Released in 1973 on Island Records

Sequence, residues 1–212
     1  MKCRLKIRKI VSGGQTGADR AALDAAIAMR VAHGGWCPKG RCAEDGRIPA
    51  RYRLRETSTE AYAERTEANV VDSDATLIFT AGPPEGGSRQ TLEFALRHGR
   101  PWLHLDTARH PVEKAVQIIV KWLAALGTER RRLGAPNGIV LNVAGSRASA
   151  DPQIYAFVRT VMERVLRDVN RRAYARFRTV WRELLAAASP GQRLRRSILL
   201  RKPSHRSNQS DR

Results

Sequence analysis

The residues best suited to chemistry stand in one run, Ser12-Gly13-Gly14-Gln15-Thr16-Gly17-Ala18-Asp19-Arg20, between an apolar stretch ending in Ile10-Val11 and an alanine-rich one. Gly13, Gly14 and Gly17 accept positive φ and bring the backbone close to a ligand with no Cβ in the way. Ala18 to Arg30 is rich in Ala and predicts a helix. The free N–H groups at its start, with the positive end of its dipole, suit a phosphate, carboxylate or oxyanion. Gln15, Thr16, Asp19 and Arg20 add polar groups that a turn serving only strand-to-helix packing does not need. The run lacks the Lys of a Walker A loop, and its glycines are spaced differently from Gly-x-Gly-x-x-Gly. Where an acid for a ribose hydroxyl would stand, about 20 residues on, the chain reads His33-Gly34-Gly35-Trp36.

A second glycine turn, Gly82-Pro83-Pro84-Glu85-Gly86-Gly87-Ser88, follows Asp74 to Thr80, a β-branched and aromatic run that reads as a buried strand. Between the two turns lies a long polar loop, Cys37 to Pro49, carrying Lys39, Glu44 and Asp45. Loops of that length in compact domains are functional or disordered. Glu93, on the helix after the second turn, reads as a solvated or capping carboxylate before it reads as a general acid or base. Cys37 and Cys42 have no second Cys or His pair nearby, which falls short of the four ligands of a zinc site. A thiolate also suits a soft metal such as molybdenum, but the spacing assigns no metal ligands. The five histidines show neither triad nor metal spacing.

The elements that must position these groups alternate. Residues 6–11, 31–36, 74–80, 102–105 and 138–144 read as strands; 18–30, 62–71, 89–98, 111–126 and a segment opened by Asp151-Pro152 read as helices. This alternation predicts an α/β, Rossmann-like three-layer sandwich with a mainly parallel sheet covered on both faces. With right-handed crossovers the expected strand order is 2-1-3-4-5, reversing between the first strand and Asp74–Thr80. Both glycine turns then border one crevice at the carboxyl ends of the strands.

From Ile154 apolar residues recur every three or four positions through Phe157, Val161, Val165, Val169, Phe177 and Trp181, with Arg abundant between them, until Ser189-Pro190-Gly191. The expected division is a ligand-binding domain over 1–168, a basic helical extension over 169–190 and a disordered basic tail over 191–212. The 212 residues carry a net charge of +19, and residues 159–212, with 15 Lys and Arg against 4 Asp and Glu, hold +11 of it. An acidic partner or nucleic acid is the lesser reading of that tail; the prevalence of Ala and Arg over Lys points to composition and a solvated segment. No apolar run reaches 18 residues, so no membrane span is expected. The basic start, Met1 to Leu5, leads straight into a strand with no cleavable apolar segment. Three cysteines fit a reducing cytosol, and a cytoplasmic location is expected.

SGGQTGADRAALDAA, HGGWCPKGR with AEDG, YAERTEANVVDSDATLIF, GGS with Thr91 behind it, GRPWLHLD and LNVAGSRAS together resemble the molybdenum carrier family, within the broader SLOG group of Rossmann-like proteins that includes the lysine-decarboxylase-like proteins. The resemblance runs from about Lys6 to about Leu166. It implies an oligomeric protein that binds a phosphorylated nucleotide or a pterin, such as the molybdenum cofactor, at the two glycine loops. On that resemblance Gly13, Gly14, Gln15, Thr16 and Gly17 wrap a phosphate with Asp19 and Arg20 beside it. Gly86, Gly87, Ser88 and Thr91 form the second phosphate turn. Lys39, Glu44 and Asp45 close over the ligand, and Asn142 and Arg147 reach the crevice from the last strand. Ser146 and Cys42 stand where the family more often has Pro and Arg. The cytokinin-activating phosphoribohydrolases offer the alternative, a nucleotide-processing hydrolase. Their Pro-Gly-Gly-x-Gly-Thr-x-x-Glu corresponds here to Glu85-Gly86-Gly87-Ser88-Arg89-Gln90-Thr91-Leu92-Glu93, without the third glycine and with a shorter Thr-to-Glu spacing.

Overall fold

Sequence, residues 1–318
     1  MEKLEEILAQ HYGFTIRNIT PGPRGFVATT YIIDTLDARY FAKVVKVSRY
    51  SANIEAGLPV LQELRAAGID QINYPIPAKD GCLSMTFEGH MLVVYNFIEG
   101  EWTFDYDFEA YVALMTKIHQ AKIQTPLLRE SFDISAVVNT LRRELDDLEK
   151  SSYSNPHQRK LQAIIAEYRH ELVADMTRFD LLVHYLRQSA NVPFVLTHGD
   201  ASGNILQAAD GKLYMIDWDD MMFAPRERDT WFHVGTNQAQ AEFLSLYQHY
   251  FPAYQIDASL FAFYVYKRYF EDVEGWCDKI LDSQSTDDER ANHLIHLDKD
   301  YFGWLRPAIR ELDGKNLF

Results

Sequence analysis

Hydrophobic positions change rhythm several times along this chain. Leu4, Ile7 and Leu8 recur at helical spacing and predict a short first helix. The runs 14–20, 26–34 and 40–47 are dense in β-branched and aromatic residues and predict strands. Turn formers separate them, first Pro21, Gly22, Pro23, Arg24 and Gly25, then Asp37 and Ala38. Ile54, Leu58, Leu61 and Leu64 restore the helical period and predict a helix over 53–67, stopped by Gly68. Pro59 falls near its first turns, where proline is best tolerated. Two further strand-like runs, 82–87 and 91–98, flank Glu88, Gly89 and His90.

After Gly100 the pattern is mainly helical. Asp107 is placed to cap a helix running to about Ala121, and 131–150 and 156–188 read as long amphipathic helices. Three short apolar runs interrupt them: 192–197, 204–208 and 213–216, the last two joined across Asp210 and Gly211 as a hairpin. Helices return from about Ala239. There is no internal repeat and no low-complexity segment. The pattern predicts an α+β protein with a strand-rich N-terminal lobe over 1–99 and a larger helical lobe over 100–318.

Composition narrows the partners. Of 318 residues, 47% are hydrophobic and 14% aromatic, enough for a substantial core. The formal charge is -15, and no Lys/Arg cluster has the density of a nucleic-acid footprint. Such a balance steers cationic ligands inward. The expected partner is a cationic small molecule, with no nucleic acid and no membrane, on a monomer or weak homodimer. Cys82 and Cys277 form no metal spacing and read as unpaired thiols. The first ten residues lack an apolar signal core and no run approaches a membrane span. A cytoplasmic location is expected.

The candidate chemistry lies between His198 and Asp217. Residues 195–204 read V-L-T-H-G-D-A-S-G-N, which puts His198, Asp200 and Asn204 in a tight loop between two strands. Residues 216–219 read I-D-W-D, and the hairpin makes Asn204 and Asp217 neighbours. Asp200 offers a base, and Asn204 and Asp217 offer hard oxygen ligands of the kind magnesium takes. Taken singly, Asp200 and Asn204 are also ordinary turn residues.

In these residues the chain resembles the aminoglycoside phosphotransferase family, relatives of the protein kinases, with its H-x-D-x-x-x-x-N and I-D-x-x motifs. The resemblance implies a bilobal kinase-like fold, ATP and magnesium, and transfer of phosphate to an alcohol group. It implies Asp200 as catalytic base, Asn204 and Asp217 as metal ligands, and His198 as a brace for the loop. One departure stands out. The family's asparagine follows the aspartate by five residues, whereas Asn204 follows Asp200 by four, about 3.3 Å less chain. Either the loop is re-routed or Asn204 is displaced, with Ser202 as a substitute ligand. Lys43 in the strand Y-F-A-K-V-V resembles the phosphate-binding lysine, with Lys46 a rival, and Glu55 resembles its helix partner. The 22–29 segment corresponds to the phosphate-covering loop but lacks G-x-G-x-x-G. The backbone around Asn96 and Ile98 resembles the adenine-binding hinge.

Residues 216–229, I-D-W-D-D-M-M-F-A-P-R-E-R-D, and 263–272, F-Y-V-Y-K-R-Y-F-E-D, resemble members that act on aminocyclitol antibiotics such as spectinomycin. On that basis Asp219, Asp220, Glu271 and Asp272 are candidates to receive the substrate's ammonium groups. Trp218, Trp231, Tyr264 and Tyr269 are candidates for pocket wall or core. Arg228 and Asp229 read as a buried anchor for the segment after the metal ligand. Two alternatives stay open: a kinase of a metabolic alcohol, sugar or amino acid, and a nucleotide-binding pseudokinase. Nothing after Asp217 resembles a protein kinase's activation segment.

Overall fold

British singer-songwriter John Martyn fuses folk, jazz, and psychedelic experimentation to create an album that is both eclectic and cohesive, tied together by his flowing voice and virtuosic acoustic guitar fingerpicking. Through varied instrumentation, the songs each have the perfect context to come alive. Album opener “Solid Air” probably has the most balanced blend of folk and jazz, with watery vibraphone and smooth sax flowing over a slow groove lead by John’s percussive acoustic guitar and smoky voice. This is followed by “Over the Hill” which ventures back into folk territory with its jubilant mandolin and violin accompaniment. “I’d Rather Be the Devil” is probably the most jammed out track here, with John Budrick shredding on the clavinet organ over a fat groove. John gets pretty crazy with live guitar effects and his echo unit on this one, especially for the last few minutes where he creates experimental guitar atmospheres over a lyrical upright bass solo to end Side A. The second side starts with my favorite track on the album “Go Down Easy”, a gorgeous, mellow duet between John Martyn and upright bassist Danny Thompson, with the acoustic guitar, vocals, and bass all flowing melodically, weaving in between the spaces created by the other instruments. A few tracks veer much closer to jazz fusion than folk though, especially “Dreams by the Sea” with its funky Miles Davis-inspired rhythm section with congas and fender Rhodes. As much as I love all the musicians here, I’m glad John included a solo song on the album; the romantic “May You Never” is a beautiful reprieve after the dense grooves of “Dream by the Sea” and a reminder that at the end of the day great songwriting is great songwriting regardless of the arrangements.